This is a prospective cross-sectional observation and survey study conducted with institutional ethics review board approval (SingHealth CIRB 2017/3127) and informed consent between April 2018 to November 2019. The study complies with the standards, guidelines and regulations for clinical research.
Specialized design Mobility equipment
A specialized mobility system (I-MOVE) is developed as a CONCEPT CHILD-KIND MOBILITY DEVICE to interest children and initiate child-machine interaction that includes sitting on it in the ‘chair mode’, self-application of the restraint module and assisted ambulation . See Figure 1. This was developed as a collaboration between investigators from the paediatric anaesthesia department and biomedical engineers with input from parents with ASD children as well as multi-disciplinary healthcare professionals with experience in the care of children with ASD . The mobility system is a multi-position configuration mobile chair-bed system with a restraining module [12, 13]. These positions are ‘sitting’ for preoperative sedation and induction of anaesthesia, ‘supine’ for airway management and transfer, ‘lateral tilt’ to aid lateral transfer onto the OT table, ‘Trendelenburg’ for oropharyngeal suctioning as part of airway protection . These movements were activated via hand-held remote. In the resting position, it resembles a racing car chair, transformation to supine position resembles a reclining massage chair, all of which are different forms of chairs children are familiar with.
The restraint module is a key feature and comes in 3 options ; an over the hip adjustable restraint (like an airplane seat belt), an overhead restraint (‘amusement park restraint-like’) or a combination of the two with the strap traversing through the overhead restraint. The amusement park design adds to the contextual fun-based approach to I-MOVE. This reduces manpower and physical restraint used to move patients into the OR, patient handling and lifting transferring.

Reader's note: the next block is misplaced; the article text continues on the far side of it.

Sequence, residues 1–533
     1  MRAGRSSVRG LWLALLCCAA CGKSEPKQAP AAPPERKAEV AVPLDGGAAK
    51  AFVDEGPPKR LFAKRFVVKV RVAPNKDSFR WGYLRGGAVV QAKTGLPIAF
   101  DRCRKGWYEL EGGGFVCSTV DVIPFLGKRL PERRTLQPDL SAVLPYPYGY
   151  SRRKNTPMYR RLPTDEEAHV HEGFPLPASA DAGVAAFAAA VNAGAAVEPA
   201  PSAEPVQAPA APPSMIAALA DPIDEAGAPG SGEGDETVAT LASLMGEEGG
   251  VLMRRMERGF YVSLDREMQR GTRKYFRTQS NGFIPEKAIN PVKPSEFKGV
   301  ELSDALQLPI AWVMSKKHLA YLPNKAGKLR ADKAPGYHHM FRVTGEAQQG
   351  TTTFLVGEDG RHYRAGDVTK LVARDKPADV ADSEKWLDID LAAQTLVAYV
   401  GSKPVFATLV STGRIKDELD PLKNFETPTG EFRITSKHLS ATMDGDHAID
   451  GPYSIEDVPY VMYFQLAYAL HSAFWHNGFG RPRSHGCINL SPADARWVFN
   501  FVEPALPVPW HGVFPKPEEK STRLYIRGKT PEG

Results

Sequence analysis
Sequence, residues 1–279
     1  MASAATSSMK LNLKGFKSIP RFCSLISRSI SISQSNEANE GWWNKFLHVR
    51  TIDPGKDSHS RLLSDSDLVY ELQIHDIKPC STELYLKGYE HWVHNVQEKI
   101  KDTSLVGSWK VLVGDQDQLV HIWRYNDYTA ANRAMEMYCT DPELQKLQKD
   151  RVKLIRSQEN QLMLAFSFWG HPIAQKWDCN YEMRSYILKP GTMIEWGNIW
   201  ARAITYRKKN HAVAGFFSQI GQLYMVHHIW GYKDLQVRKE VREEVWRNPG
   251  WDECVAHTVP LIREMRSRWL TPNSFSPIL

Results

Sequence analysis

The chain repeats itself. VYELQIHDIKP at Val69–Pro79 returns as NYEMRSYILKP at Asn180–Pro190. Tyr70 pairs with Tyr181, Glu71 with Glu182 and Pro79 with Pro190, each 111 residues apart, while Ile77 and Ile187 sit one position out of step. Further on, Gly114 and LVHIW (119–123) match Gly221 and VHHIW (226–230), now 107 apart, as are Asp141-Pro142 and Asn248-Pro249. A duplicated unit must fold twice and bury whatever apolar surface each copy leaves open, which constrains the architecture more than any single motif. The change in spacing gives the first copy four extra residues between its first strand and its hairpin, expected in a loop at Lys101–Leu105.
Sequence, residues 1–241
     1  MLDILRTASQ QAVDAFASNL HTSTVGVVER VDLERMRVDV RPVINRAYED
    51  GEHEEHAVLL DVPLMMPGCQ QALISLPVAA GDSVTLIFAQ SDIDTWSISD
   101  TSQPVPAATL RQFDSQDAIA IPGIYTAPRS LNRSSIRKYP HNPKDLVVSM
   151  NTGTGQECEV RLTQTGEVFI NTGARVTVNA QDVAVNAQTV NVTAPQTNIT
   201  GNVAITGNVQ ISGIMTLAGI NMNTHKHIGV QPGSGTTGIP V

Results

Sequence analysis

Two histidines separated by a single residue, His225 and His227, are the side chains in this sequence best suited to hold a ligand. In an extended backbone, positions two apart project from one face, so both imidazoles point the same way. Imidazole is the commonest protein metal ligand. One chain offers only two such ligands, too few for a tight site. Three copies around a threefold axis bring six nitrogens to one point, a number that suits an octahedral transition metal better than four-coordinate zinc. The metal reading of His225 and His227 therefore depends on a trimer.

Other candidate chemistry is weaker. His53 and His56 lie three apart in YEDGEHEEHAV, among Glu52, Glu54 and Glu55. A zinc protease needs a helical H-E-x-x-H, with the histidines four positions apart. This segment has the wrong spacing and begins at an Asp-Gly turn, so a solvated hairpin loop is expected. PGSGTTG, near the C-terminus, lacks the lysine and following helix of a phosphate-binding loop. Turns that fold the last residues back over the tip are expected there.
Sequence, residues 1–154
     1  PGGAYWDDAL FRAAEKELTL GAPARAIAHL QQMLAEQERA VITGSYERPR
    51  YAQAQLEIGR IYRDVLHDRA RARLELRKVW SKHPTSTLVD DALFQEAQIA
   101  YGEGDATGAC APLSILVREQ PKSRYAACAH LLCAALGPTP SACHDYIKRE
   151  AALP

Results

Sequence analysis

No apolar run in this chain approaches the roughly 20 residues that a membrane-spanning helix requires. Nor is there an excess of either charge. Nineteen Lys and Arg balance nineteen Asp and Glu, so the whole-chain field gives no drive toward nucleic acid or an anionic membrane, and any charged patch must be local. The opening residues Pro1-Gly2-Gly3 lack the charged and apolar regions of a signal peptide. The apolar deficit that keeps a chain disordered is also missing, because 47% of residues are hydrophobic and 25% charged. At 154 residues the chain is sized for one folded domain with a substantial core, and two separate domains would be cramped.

Survey participants and method
Survey participants include healthcare providers (HCP), parents and children. The inclusion criteria are HCP with experience in the perioperative care of ASD children in the operating theatre. The inclusion criteria for parents are those with children diagnosed with ASD. The exclusion criteria were permanent staff of paediatric anaesthesia department to avoid conflict of interest.
The inclusion criteria for children participants are neurotypical children or ASD children between 6 to 16 years old and whom parents have confidence of ability to complete the survey independently. Exclusion criteria are children with uncontrolled disruptive behaviour.
Informed consent was obtained from HCP and parents. Parental consent was obtained for children with further assent obtained from children as deemed appropriate.
Parents and children were introduced to the operating theatre waiting area and the hospital trolley. The rest of the study was performed in a dedicated hospital room where I-MOVE was located and participants were informed about the motivation for development of the I-MOVE. The stage of Proof of concept of I-MOVE was emphasized. For the children, I-MOVE was introduced as a ‘special chair concept’ to help children move around in the hospital and to ‘go to sleep’. This was followed by a demonstration of the operation and function of I-MOVE in all configurations. HCP and parents were instructed to examine and operate the system. Children were invited to explore the I-move such as sit on it and putting on the restraint module. This is followed by a survey.
In the survey, HCP and parents answered eight closed ended 7-points Likert questions which evaluate their acceptance of multiple functions of I-move on anxious and uncooperative ASD children based on their work experience (HCP) and personal experience (parents). Parents and children rated their general experience of the special chair using 5 points Likert scale and explained their likes and dislikes.
Parents were asked on their opinion on the suitability of use of I-move and restraint in various situations. Children indicated the situations in which they would use the I-move.
Frequency was presented as numbers and percentage. For data analysis, methods used were t test for continuous data and chi square test for dichotomous data using SPSS version 19 (Inc Chicago IL, US). A p value of less than 0.05 was considered statistical significance.
In a previous observation survey, we found that 25% of parents would use the traditional hospital mobility device such as hospital trolley and wheelchairs. Parental opinion was used in the sample size calculation as parents of ASD children are the best resource to create a successful experience for their children . We hypothesize that if the specially designed mobility device could garner a 75% agreement for use as a perioperative special mobility device, at a power of 0.9, 23 participants were needed for the parent expert group. Hence a minimum of 23 was recruited for the parent and expert groups.